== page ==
[00:02:32] And taken over so, they are still actually client components here's getting that initial HTML on the server which is not the same as server components that never leave the server, they always stay there, they can't have state, they can do async data fetching, they have access to code.

[00:02:49] They're actually being executed on the server, right? Versus just the HTML being rendered. So, when would you use client components? Basically, if your components need hooks, like useState and useEffect, then you need a client component. You literally cannot use a server component with those things. So, if I try to go into the server component here, let's go back here.

[00:03:16] So, notice in his homepage, we don't have use client anywhere, so by default this should be a server component. So, if I tried to say, useState, let's import useState here, and I say state, setState equals useState like this. I just saved that. Then I go back and right here, medially because I didn't even refresh, we already got there, right?

[00:03:48] And you can see right here, you're importing a component that needs useState. It only works in a client component. But none of its parents are marked with use client. So their server components by default. So you kind of get an error right here, from the React compiler, the tool that's running React.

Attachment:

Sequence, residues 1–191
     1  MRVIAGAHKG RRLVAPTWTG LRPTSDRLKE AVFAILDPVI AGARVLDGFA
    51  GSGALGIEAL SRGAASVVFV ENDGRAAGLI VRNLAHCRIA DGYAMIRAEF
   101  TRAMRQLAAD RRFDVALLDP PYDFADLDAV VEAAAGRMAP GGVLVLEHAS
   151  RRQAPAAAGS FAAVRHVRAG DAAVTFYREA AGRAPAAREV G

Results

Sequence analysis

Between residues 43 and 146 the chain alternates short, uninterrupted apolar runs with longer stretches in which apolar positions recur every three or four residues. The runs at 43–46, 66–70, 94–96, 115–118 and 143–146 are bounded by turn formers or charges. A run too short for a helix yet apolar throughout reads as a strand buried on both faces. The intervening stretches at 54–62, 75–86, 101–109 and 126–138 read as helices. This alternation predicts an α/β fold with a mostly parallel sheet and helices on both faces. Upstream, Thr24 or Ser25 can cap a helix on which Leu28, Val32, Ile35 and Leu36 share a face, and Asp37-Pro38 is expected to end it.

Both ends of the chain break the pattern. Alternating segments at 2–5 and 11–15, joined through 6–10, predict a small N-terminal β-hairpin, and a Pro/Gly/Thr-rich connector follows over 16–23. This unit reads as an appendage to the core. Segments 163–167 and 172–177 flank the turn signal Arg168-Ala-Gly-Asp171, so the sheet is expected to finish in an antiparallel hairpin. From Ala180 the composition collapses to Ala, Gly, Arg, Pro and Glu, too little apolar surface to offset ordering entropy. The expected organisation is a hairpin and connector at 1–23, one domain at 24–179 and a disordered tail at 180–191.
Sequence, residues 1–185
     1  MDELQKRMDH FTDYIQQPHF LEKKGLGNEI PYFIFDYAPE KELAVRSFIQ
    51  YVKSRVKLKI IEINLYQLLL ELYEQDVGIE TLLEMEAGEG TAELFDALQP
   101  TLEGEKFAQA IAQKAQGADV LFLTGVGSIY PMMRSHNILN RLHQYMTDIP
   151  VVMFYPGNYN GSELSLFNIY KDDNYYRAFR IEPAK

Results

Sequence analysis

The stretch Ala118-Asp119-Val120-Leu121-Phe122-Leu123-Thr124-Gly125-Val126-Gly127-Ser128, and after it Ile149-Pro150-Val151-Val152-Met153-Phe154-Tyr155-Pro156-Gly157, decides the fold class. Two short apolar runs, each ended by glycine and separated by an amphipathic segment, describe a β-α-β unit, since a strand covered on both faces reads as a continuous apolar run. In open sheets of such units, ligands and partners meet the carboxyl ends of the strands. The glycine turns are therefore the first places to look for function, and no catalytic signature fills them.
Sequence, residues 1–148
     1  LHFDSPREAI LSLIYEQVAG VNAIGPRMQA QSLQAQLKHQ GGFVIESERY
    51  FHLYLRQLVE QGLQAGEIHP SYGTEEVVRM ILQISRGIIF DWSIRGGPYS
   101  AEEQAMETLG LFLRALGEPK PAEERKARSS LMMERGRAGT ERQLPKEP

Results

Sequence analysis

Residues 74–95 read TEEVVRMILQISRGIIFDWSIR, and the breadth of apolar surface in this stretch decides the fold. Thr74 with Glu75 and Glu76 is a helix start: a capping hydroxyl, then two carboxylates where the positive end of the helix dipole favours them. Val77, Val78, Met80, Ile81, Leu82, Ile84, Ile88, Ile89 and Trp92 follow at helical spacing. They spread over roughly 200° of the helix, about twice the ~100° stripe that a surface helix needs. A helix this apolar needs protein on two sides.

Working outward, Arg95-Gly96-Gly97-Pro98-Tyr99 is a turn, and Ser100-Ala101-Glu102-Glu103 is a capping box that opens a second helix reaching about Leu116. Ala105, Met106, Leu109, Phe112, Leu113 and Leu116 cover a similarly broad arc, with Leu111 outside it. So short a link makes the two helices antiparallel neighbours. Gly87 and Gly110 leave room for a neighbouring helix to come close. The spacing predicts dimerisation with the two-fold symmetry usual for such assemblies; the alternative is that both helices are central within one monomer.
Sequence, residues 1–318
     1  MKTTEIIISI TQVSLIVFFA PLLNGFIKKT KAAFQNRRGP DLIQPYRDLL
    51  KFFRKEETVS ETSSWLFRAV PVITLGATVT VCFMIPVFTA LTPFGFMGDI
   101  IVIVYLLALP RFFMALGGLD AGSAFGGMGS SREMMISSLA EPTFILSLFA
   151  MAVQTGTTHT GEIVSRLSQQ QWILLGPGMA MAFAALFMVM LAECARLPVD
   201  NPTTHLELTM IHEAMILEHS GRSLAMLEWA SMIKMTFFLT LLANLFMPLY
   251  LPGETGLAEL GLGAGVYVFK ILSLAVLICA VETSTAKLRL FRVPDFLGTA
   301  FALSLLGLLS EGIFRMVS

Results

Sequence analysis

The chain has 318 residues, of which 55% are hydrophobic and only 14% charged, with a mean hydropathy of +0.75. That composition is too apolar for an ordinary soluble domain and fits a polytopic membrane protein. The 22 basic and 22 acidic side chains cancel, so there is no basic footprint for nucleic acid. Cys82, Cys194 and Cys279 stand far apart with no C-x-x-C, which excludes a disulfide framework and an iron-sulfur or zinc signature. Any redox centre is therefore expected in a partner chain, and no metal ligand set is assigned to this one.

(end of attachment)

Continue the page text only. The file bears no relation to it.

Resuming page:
[00:04:06] Yeah, you can't use this, because how would it work? There's no state on the server. It's not rendering. There's no reconciliation phase. There's no dirty checking, there's none of that client side optimization happening on the server so which is what the hook was created for. So, yeah. You also can't use class components for server components.

[00:04:26] So, if you are still using class components, those have to be client components, because they don't work on the server. I don't know if that's in the doc somewhere, but I just ran into that. I just happened to try it and I was like, yeah, these don't work.

[00:04:38] So yeah, you will get this error a lot. So, don't rely on the error though. Remember, if you need a hook, it's probably a client. If you need a DOM event, it's probably a client. Other than that, it's a server.
>> Based on this, I might be misreading the error message, but does this imply then that any child component, all of the component that has use client as that directive will kind of by default, the opposite into rendering on the client?

>> It's going to look for the nearest parent with the use client, right? So, if you can add a server component to a client component, as long as server component is wrapped in a client component [LAUGH]. Right, so, I can't bring a server component directly into a client component without it first being wrapped in one, right?

[00:05:31] So, we can run through some of these examples here, but let me get through this last bit I got and then we can run through how to interchange some of those differently. So you can see the different error message, because sometimes error messages are like, I don't know.

[00:05:42] But yeah, we'll see, okay. Good question, though, okay? So, when to use client versus server. So I already talked about when to use clients, when to use servers. Now, I'm going to compare the two, but it's mostly the same, but always use server components for all your components unless it falls into one or more of these.